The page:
In August 2021, the Herma Heart Institute at Children’s Wisconsin became the first hospital in the state of Wisconsin to begin implanting the Harmony™ Transcatheter Pulmonary Valve (TPV) from Medtronic. It was approved by the U.S. Food and Drug Administration (FDA) earlier this year.
The Harmony™ TPV is the first artificial valve able to be implanted non-surgically for certain patients with severe pulmonary valve regurgitation, a condition in which the valve separating the right side of the heart and the arteries leading to the lungs doesn’t function properly. Issues with the pulmonary valve are common for individuals with many congenital heart defects, such as tetralogy of Fallot, and they often require pulmonary valve replacement. The Harmony TPV device offers a minimally invasive treatment option that delays the need for open-heart repair, and is intended to reduce the number of surgeries required over a patient’s lifetime. Eventually, it is anticipated that such valves will replace the need for surgical replacement in many patients altogether.
“The Harmony™Transcatheter Pulmonary Valve is a game changer for our congenital heart disease patients, as it offers a non-surgical option to correct right ventricle outflow issues in the majority of cases we see,” said Susan Foerster, MD, medical director of Interventional Cardiology at the Herma Heart Institute. “As the largest pediatric cardiac care center in the state, we know it is vital to have interventional cardiologists on our team trained in this cutting-edge technology to provide the best care for our patients while reducing the need for surgical intervention.”
Prior to the Harmony TPV, most patients who needed replacement of a leaky (or regurgitant) pulmonary valve were treated with open-heart surgery, which carries a larger risk and often results in longer lengths of stay in the hospital. The Harmony TPV procedure is done through a minimally invasive cardiac catheterization. In a 3-3.5 hour procedure with the patient completely asleep, the specialized cardiologist places a thin tube (called a catheter) in a vein in the leg and advances the TPV through the heart and past the lung valve and places it in the lung artery. Upon implantation, valve function is restored immediately and blood flow from the heart to the lungs improves. Most patients only require a overnight stay with low levels of pain and can rapidly return to their normal activities with less time off from work or school.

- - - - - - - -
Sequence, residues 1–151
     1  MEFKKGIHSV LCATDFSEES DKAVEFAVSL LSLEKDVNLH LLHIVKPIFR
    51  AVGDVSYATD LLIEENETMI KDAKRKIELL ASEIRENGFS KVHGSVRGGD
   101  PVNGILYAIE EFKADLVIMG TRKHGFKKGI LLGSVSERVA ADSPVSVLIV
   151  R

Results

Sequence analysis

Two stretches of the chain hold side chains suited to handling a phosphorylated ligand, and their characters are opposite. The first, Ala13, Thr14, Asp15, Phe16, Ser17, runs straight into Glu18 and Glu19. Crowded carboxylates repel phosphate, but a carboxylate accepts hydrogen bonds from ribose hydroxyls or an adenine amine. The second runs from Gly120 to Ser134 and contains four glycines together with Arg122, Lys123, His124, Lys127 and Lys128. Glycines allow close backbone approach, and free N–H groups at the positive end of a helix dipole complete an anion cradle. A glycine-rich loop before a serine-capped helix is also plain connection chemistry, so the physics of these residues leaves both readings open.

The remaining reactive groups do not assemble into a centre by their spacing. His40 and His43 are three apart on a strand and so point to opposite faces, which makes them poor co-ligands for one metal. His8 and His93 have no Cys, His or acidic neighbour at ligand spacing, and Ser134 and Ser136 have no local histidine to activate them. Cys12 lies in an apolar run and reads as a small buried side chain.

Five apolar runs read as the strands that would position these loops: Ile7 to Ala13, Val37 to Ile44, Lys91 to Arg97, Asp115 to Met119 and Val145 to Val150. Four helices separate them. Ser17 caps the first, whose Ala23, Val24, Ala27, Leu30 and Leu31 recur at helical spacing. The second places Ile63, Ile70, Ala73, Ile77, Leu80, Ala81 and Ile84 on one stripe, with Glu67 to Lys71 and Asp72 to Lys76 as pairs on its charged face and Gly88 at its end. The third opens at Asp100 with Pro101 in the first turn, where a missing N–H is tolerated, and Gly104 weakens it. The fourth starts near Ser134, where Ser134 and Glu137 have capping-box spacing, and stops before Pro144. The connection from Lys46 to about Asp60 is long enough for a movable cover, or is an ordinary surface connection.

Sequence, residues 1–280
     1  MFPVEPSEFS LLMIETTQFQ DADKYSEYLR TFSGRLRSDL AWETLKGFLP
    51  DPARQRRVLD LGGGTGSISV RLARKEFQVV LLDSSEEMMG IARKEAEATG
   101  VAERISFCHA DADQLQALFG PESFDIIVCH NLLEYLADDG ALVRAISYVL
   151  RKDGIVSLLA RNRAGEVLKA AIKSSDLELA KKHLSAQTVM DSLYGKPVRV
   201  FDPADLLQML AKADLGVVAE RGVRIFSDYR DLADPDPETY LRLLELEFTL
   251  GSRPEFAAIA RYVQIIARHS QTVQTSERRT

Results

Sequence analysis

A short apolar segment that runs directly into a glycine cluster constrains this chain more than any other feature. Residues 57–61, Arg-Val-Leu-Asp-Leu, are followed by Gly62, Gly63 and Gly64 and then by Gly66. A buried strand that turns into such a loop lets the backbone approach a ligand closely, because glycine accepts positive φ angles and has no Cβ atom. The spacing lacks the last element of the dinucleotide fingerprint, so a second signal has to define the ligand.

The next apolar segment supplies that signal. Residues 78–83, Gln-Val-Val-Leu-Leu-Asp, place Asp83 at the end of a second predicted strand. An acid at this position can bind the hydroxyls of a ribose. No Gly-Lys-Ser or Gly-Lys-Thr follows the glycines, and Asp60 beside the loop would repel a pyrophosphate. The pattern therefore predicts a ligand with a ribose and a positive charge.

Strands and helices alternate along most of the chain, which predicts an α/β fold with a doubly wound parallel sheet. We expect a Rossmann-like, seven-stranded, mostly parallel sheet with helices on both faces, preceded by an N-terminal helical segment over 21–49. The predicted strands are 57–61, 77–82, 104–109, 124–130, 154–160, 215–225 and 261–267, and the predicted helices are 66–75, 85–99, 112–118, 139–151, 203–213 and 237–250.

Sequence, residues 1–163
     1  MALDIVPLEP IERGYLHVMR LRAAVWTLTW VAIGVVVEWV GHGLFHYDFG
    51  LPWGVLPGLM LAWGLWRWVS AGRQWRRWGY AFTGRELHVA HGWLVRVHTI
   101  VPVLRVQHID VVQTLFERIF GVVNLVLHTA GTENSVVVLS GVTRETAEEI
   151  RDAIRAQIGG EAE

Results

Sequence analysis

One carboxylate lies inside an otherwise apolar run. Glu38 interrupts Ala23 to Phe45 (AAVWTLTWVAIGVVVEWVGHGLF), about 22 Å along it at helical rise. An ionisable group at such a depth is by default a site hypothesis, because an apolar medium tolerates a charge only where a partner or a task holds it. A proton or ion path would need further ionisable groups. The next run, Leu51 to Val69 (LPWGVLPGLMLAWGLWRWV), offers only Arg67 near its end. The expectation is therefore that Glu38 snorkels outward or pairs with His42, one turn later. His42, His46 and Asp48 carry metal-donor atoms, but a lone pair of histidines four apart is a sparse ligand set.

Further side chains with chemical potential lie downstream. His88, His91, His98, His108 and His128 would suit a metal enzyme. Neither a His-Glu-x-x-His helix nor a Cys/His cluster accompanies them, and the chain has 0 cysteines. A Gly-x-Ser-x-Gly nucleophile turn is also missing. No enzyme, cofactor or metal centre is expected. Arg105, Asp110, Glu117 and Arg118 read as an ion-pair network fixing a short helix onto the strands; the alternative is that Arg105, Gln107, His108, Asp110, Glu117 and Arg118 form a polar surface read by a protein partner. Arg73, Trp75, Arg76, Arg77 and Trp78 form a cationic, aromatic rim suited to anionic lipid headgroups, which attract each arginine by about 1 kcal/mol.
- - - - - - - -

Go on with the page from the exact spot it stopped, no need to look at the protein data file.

Congenital heart defects are the most common types of birth defects, occurring in nearly 1 in every 100 babies born. They can range from mild to very serious. The Herma Heart Institute at Children’s Wisconsin is the largest pediatric cardiac care center in the state and is ranked as one of the best in the nation for pediatric cardiology and heart surgery. The Herma Heart Institute continues to be among the highest volume congenital heart programs in the nation, performing around 500 catheter based procedures and more than 500 heart surgeries per year.
The first cases using the Harmony TPV at the Herma Heart Institute and Children’s Wisconsin were implanted in August with additional cases scheduled for the coming weeks.